By The Power Of Grey Skull – Or, Why The Power Meter Is Ruining My Life


Do you want to know the fundamental difference between the common cyclist and a bicycle mechanic?

Sorry if you don’t. I’m going to tell you any way.

A cyclist will lay eyes on that new, must have wonder product and immediately start fantasizing about how that product is going to transform them into the cyclist they’ve always dreamed of being.

A bike mechanic will barley need a glimpse at that wonder product before immediately dwelling on the fact that his life is slowly, but steadily being ruined one innovation at a time.

Lately, the bane of my existence has been the power meter.

Not just one but all of them.

SRMs, Powertaps, iBikes, and even the Polar monstrosity– over the past few months I’ve installed and subsequently troubleshot them all. I don’t know how I became the anointed one (maybe in Karmic retrospect I shouldn’t have been so mean to Mr. Bechner in the 10th grade) but at the shop where I’m indentured, any time one of my esteemed colleagues hustles anywhere from a few hundred to several thousand slices of cheese from the pocket of a power hungry rube who inevitably lacks the technical know how to find a set of boobs on the internet, I magically get to be the one to install it.

During my various quests to install the almighty power meter, I’ve been treated to career low lights such as:

Fielding a call from a frantic customer who accidentally snipped the cable that makes his SRM’s magic happen during a multi-day charity ride. Desperate to pour over his power output between pit stops, this fella asked if there was any way we could get SRM to next day air him a replacement cable to the next town on his ride’s itinerary.

Gotta give this guy credit though, during our chat he advised me that I’d be better off trying SRM’s office here in the states because over the wee hours of the night he’d placed a call to SRM’s German headquarters in a surprisingly clever attempt to work the time difference to his advantage but sadly, he had no luck getting through to them. “I left them like four messages and those bastards never called me back.”

Having a conversation with a technical support person who dispensed this gleaming gem of advice, “If you’re trying to synch the sensors and you’re close to a cellular phone, the phone can interfere with the signal.”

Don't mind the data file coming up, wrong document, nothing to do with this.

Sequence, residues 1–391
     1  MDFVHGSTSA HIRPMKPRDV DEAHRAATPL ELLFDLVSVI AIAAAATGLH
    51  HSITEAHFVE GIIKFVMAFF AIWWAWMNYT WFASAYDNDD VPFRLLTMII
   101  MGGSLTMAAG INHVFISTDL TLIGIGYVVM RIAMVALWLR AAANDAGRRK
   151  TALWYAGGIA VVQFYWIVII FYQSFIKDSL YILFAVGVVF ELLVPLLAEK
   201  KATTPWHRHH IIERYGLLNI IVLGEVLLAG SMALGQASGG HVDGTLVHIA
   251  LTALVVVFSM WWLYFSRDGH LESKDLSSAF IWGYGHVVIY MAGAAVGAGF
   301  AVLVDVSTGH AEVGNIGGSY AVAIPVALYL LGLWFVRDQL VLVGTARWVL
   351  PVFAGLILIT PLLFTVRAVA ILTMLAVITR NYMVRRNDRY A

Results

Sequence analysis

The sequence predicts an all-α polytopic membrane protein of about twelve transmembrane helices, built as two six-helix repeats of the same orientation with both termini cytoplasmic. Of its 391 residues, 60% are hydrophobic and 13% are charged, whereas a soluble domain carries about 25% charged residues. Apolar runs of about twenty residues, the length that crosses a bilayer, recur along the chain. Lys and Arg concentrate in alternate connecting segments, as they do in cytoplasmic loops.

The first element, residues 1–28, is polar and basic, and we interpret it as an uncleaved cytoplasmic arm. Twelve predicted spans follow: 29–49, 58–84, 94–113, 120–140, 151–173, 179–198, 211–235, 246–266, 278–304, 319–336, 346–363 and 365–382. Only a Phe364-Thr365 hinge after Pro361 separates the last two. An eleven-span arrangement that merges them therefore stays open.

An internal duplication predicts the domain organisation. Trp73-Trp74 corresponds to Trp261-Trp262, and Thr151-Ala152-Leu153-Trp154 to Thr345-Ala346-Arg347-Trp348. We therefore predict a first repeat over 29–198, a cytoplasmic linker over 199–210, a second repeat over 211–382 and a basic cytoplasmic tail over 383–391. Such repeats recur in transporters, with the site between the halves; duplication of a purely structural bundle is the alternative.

Being that I was calling for help from a rather large, technologically advanced city, my response was “Oh great, you mean I have to go way out into the woods to set this thing up?”

Then a couple Fridays ago when I already had one foot out the door on the way to Chipotle for a rare summer time lunch break, a pair of carbon fiber wonder bikes were being wheeled in by a customer’s latest assistant.

“Hey, are you Bobby?”

“Unfortunately.”

“Uh, I’m supposed to bring these bikes in because the Powertaps stopped working and the twins are scheduled to ride tomorrow. Oh yes, these Powertap equipped bikes belonged to a set of twins who’d just celebrated their 12th birthday.

Oh the humanity. How could a 12 year-old be expected to go for a bike ride with a non-working Powertap? So instead of taking a visit to the land of guacamole lucky me got to go on an obscure battery scavenger hunt.

Still, nothing tops what just went down here at the shop.

A few days ago a gal came in her with a simple shopping list. Her dad was turning 75 and was starting an exercise program so she thought a heart rate monitor would be the perfect gift.

I showed her the simplest thing in the display case- a Polar with just a single button. Just the ticket for a 75 year-old, right?

There was just one hitch.

“My Dad’s a total gadget man and want to get him the best one. I don’t care if it’s expensive. The more stuff it can do the better.”

Three days later a silver haired man shuffled his way into the store clutching his birthday present. I didn’t even have to stand up before my colleagues had thrown me under the bus and indicated that I was the guy to talk to.

“Hi there, my daughter gave me this for my birthday and I’m having a heck of time figuring out. Before you write me off as some old nincompoop, do you mind if I tell you something.”

“Shoot,” I said as there was something so refreshing about an old person with the ability to be self aware.

“I worked for Boeing all my life. When I was about your age, my job was writing the operations manual for the 747. The manual filled up two binders about this thick,” he said spreading his hands apart just far enough that you knew he wasn’t lying.

“I wrote the manual in such a way that even you could sit down in the captain’s chair open it up to page one and follow the directions step-by-step and fly the damn plane without any training whatsoever. For the life of me I can’t figure out these directions. Whoever wrote the sequencing needs to be taken out in the street and beaten.”

You hear that Polar? The guy who wrote the instructions for the friggin’ 747 thinks your directions don’t make any sense.

Think y’all might be able to do something about that before me and my new septuagenarian friend decide to go vigilante on your collective arse?

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